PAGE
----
This book is a concise text and reference source for topics associated with peripheral nerves.
Sixty-four specialists in neurosurgery, orthopedic surgery, plastic surgery, general surgery and internal medicine, from all over the United States and Canada, and five other countries – Australia, France, Germany, Saudi Arabia, and South Korea – authored the 57 chapters of this book. The contributors of content are physicians and surgeons, and professors at schools of medicine and medical centers.
The contents of this book are organized around four Sections:
- Section I. Brachial Plexus Injury and Entrapments
- Section II. Upper Extremity Peripheral Nerve Injuries and Entrapments
- Section III. Lower Extremity Peripheral Nerve Injuries and Entrapments
- Section IV. Nerve Tumors, Painful Nerve Conditions, and Miscellaneous Injuries
Let’s take a look at chapter 50 entitled Neurofibroma, authored by Dr. W. Bradley Jacobs and Dr. Rajiv Midha.
- Case Presentation
The case discussed in this chapter is that of a 34-year-old female with a known history of neurofibromatosis type 1 (NF1) presented to a neurosurgical clinic with a four-year history of pain in the right leg and a growing mass in the popliteal fossa.
She had previously undergone by a previous surgeon, a resection of several subcutaneous neurofibromas in the face and hand. “Dull” and “aching” were terms used by the patient in describing her pain located behind the knee, along with an intermittent sharper pain in the front of her calf into the ankle. Over the course of about a year, the patient noted that the lesion in the popliteal area had grown in size.
She has also had paresthesias occasionally and numbness in the dorsum of the foot along with mild weakness in her ankle movements. These neurological symptoms had been gradually progressive over the course of two years.
A physical exam revealed a healthy-looking pregnant woman with several café au lait spots and a number of small subcutaneous masses consistent with dermal neurofibromas. A sensory exam found decreased pinprick sensation over the dorsum of the right foot. The exam also found more profound hypoesthesia in the sural and tibial nerve distributions.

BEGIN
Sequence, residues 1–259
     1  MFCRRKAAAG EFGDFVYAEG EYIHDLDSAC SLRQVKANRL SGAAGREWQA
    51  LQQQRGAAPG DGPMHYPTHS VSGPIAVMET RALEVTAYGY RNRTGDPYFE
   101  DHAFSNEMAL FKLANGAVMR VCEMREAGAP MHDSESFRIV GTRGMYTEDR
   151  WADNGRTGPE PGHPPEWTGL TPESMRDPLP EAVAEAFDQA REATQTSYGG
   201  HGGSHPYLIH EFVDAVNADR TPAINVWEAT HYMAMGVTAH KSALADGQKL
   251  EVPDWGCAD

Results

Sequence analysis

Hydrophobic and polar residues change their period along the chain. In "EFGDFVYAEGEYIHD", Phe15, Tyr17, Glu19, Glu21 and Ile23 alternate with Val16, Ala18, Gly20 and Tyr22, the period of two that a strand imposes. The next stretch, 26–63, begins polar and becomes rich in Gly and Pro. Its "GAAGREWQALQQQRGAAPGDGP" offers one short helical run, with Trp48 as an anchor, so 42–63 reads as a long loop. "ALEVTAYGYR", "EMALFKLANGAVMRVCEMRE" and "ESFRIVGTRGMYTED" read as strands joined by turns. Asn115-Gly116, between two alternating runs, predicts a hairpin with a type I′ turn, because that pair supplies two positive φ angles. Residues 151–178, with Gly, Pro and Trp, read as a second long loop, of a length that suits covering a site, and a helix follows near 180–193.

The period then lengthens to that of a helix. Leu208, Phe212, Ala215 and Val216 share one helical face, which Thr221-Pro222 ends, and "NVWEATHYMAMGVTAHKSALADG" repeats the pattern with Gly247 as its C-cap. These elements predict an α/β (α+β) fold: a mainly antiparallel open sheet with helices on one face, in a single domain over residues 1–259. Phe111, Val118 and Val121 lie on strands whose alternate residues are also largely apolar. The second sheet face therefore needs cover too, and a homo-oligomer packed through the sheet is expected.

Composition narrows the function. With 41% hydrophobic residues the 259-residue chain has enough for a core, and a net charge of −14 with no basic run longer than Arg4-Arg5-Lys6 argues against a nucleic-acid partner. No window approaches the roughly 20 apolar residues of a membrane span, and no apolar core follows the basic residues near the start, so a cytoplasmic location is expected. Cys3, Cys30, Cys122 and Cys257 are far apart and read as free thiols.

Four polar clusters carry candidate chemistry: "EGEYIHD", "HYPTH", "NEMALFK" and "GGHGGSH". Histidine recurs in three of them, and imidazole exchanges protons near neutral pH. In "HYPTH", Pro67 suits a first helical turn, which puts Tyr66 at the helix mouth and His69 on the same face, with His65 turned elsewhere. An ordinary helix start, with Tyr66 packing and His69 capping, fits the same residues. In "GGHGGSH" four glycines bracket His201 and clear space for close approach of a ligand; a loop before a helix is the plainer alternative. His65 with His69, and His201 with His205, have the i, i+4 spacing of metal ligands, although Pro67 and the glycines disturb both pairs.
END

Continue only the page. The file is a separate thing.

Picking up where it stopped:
Magnetic resonance imaging (MRI) showed mass lesions involving the right sciatic nerve divisions in the popliteal region. These lesions were expanding the tibial and peroneal nerves in a plexiform fashion.
The masses had inhomegenous signal properties but enhanced homogenously with gadolinium and were consistent with plexiform neurofibromas. Five MR images shown (50-1, 50-2, and 50-3 (A,B,C) on pages 236-237 provide a lot of detail.
All three divisions of the sciatic nerve shown in 50-3(A) are abnormal with almost all fascicles enlarged by intraneural tumors. After electrical mapping of the tumor surface in 50-3 (B) it was decided that the dominant fascicle in the tibial nerve be dissected and removed. No attempt is made to remove the other less involved fascicles shown in 50-3 (C) to preserve nerve function after the operation.
Following the case presentation with diagnosis, discussion, and decision on the course of treatment (a surgical removal), below is the outline of the rest this chapter:
- Characteristic Clinical Presentation
- Neurofibromas Not Associated with NF1
- Neurofibromatosis Type 1- and Type 2-Associated Neurofibromas
- Differential Diagnosis
- Diagnostic Tests
- Management Options
- Outcome and Prognosis
- Suggested Readings
This book takes an extensive look at many subjects related to peripheral nerve surgery, with 57 chapters, too numerous to list in this book review. But the list of its four Sections given above provides you a sort of overview of the contents of this book.
This guide is an excellent source of authoritative information – in compact form in a single volume – on nerve injuries, nerve pain, nerve tumors, and other matters related to nerves, including management of nerve conditions, and treatment through surgery and/or other means.
Some important benefits of owning this book are:
- Case-based format thoroughly prepares the reader for managing various problems in the clinical setting
- Diagnostic guidelines and management strategies from leading experts in the field of peripheral nerve surgery enable clinicians to confidently handle each stage of patient care
- Pearls and pitfalls at the end of each chapter highlight critical aspects of treatment and are ideal for at-a-glance review prior to surgery
- More than 150 illustrations demonstrate key concepts
- Suggested readings with brief summaries provide valuable reviews of the literature
Rajiv Midha, MD is Professor and Chief of Neurosurgery in the Department of Clinical Neurosciences at the University of Calgary at Foothills Medical Center in Calgary, Alberta, Canada.
Eric L. Zager, MD is Professor of Neurosurgery at the University of Pennsylvania School of Medicine in Philadelphia, Pennsylvania.